A couple days ago, I stepped outside without needing my jacket. It made me smile. For the first time in recent memory, it was cloudless, bright, and warm all at once. A light wind rustled through the dogwood trees as I walked through the park behind my house. Then I saw five kids huddled together at a picnic table by the playground taking hits of pot, out in full view, the smell thick in the air. My smile died quickly. I put my head down and they ignored me as I passed.
This story parallels my final semester at GW Law. Overall, I've felt a mood of idyllic spring freshness, but periodically, something dark and ugly comes up from nowhere to spoil it. Change is in the air - some is good, some bad, and all comes without warning.
Everyone's situation is different. Those graduating are off to tend to other affairs. The 2Ls look forward to taking their places; maybe they'll enjoy a reduced course load or become an officer for some skills board or journal. The 1Ls are settling into their respective ranks and getting anxious to find out what may (or may not) come of fall recruitment.
My last change of this magnitude was three years ago, when I moved to DC to attend GW. In the end, it seems like law school was a decent investment. Generous scholarship money, frugal living, and some nice business opportunities have all worked to reduce costs that otherwise would have been unbearable.
The potential upside to a law school investment has also changed greatly since I enrolled. The market rate for first-year associates skyrocketed from $125,000 to $160,000 in just three years. And there are rumors (unfounded at this point) of an eventual move to $190,000.
However, tuition has risen considerably, and compensation rates outside of BIGLAW (if you have to ask what that is, don't bother) have mainly held steady or fallen. One of the recent issues of NALP's serial publication "Jobs and JDs" had a bimodal distribution chart that documented the feast-or-famine state of entry-level pay (the real "average" occurring between $40,000-$55,000 a year).
This means massive uncertainty for incoming law students at GW, certainly not all of whom will be competitive enough to hit the second hump in the bimodal graph. They don't yet grasp that their career prospects are based heavily on class ranking, which in turn is based on factors they can't possibly know yet. The amount of money they're sinking into their decision to attend law school makes it a big financial gamble. Many firms have cut back their summer associate programs in anticipation of a sluggish economy. Simultaneously, economic woes often lead more people to migrate to law school. A flood of enrollment, plus a tightening bottleneck of jobs raises the stakes and intensity of the competition.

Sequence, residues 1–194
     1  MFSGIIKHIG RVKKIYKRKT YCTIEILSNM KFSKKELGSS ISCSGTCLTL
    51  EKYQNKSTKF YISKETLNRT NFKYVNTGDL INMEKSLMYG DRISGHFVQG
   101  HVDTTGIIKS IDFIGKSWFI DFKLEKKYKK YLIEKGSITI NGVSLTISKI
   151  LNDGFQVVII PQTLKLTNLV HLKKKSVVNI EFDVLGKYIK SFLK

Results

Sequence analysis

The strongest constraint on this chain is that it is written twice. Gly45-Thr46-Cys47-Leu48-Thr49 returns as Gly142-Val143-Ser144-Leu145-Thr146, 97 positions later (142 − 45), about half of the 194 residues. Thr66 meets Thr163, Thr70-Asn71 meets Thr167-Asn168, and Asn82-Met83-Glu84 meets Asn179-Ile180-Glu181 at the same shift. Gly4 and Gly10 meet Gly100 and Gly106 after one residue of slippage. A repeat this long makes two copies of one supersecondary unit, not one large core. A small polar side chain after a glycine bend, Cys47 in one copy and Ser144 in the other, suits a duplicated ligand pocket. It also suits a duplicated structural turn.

But even after your foot is in the door, you're not safe. We've seen news stories of associate layoffs en masse as certain offices shrink or close entirely. Even partners have to worry about the growing trend of "de-equitization" if they're not pulling their weight in billables.
Of course, no one knows what's going to happen. Everyone, even in risk-averse Lawland, has that nagging sense of dread in the back of their minds that things might take a turn for the worse, without warning and without anything they can do about it.
Some people practice denial; I try to avoid it. I believe in confronting uncertainty head-on.
With that in mind, this is one last writing assignment for you rising 2Ls: write a letter to yourself. Write with conviction and coherence about what it is you want out of your GW experience from this moment on. Ask yourself where you want to go and how you plan to use your remaining time at GW and the opportunities that law school offers.
You now have two whole semesters as a frame of reference. You have an idea of what is within and what is beyond your grasp. Use that to your advantage. Your plans can be as ordinary or as offbeat as you like, so long as they are an honest statement to yourself about what you realistically think you want to do after graduation.
Seal your letter in an envelope. The night before commencement, open it. Read it. Did you overcome your own uncertainty, or did you succumb to it? Is this still something you want? What have you learned about your strengths and limitations? Does reading about your old dreams drive you to tears, laughter, or utter indifference? If you experienced some form of change, did you resist it, ignore it, or pursue it with enthusiasm?
The answers are in the individual details. I bet you'll surprise yourself, in a good way.